What are the structural long-term perspectives?

The G20’s current status as a discursive organisation is in sharp contrast with the more strongly decisional types of other intergovernmental actors, such as the IMF, but may shed more light on the future of multilateralism. Following the arguments of Muller and Lederer (3), the power and activities of the G20 may point to a new developing form of managing global affairs, with specific actors, instruments and practices. Hence, this organization may be the centre point from which new, soft-law instruments of international financial and economic regulation would appear.

Despite all the criticism, the G20 has managed to induce numerous and somewhat coordinated national policy responses to the crisis. There are many possible reasons behind such an improved level of measures implemented in accordance with the summit’s declaration. One of the reasons may be the severity and outreach of the crisis in today’s world of rising interdependence. Another factor may be related to the institutional development of the group itself in terms of better profiling of its role: from a financial crisis management group (its primary role in 2008) it is being transformed into a steering committee to propose design for new global economic order.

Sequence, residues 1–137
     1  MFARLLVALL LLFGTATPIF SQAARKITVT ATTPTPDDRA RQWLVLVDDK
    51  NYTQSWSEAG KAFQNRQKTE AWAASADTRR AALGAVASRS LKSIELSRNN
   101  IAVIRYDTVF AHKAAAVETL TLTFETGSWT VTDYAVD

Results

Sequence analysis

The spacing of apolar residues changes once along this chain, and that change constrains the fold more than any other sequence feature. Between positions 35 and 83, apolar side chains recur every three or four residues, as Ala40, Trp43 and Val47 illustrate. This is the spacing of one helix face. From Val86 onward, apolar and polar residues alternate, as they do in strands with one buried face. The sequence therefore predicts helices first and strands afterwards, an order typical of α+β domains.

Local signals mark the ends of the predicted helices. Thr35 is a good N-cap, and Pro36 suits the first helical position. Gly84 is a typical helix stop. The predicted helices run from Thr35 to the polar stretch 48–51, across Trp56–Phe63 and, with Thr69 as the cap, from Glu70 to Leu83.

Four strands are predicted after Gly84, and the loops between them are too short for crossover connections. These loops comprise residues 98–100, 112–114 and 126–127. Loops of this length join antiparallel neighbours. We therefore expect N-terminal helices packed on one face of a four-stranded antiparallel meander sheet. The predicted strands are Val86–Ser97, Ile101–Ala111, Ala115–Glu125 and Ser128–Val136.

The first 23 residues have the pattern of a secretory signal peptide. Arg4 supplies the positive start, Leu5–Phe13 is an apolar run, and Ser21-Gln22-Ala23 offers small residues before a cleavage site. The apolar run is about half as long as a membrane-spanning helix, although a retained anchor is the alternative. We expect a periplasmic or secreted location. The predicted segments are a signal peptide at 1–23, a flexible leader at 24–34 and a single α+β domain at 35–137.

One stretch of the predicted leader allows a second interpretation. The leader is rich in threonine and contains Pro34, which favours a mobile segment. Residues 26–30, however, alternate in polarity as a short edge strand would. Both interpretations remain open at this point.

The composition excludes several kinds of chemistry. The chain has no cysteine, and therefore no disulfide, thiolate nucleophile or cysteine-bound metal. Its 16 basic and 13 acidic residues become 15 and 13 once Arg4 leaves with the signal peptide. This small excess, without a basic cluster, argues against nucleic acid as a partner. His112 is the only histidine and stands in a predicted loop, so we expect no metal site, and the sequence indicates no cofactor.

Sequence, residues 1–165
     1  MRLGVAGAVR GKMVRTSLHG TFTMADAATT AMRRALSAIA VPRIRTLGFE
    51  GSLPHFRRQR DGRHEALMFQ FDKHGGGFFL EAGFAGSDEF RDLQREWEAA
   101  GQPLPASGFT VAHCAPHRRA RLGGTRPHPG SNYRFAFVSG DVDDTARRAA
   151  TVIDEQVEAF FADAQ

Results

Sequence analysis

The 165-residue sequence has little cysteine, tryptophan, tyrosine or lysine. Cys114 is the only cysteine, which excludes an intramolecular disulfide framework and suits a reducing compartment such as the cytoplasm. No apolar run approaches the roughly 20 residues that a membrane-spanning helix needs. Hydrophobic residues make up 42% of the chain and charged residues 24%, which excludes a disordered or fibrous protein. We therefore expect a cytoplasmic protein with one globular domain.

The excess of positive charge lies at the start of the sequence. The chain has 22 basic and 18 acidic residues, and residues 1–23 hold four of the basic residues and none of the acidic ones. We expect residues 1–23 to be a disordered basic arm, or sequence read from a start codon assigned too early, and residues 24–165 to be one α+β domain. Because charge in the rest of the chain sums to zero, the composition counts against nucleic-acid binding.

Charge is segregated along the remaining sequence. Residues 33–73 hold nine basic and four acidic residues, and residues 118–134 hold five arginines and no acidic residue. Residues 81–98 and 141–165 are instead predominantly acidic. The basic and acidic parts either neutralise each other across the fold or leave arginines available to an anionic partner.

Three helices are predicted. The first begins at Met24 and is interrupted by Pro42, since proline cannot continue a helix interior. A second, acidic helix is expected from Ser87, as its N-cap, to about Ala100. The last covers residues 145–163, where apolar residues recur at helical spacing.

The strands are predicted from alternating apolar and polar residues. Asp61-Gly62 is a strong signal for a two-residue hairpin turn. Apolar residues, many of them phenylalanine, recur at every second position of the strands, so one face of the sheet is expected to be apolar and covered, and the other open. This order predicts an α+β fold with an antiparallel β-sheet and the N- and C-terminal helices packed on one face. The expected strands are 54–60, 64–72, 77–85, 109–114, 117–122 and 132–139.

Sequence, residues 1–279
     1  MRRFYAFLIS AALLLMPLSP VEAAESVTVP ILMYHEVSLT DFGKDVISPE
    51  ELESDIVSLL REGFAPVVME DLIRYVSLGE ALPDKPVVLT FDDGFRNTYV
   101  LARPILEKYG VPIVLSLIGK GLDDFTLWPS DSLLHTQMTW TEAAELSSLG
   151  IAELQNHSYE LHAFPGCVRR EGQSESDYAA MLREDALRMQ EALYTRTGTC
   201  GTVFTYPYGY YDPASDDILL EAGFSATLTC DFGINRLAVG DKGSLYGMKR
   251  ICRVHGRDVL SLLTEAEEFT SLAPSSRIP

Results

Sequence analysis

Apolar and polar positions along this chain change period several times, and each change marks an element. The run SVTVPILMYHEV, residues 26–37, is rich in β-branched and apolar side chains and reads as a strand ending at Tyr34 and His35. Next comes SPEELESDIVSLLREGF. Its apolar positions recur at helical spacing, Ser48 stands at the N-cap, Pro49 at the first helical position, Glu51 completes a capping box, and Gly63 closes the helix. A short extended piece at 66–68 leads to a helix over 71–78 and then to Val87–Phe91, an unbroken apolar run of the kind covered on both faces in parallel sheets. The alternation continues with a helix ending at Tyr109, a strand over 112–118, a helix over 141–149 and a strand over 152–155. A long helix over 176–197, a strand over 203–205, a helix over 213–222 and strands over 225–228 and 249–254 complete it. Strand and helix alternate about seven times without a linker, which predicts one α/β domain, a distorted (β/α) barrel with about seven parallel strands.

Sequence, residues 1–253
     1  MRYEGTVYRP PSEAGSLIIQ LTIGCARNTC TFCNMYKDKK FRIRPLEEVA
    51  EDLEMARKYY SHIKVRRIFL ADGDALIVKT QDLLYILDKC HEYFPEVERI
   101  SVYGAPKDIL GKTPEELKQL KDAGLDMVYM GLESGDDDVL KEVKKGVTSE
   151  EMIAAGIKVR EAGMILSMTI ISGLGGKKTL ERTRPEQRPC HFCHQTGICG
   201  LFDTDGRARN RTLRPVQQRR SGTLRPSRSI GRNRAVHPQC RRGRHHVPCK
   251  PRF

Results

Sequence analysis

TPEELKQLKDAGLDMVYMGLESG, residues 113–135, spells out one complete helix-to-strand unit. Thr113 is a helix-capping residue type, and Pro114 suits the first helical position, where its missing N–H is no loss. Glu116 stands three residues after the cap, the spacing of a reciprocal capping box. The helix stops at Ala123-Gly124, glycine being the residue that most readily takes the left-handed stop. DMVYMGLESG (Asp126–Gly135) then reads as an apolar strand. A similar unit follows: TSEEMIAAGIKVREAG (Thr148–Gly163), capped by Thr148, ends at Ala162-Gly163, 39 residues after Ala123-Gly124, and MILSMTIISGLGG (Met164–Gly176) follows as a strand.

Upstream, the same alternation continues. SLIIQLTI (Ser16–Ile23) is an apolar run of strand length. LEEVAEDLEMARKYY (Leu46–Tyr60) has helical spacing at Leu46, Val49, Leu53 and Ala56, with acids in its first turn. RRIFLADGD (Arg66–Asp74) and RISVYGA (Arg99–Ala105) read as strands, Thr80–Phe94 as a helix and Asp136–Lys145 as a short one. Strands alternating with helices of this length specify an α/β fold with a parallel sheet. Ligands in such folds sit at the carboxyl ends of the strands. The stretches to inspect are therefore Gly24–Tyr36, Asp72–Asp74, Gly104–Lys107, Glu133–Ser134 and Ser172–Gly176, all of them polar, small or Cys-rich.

Even though G20 efforts to coordinate policies and agree on regulatory common denominators have to be welcomed, the present level of discrepancy among national/regional agendas is still too significant for longer term and sustainable effects on the world economy to be foreseen. Still, some light can be shed on the G20 long-term perspectives if the Cannes final document is analysed compared with the G20’s previous ones. One of the most striking differences is its repeated reference to a great number of international organisations, such as the IMF, World Bank, ILO, OECD, IOSCO, BIS, etc. One may understand this as a new ‘reality-check’ for the G20: although it has positioned itself as a global economic-policy centre and comprises 90% of world GDP, the issues may be beyond reach of such an informal, minilateral group. So, from a longer view, the G20 will certainly set the tone of ‘world economic policy’, but probably as one of the actors in multi-nodal world politics.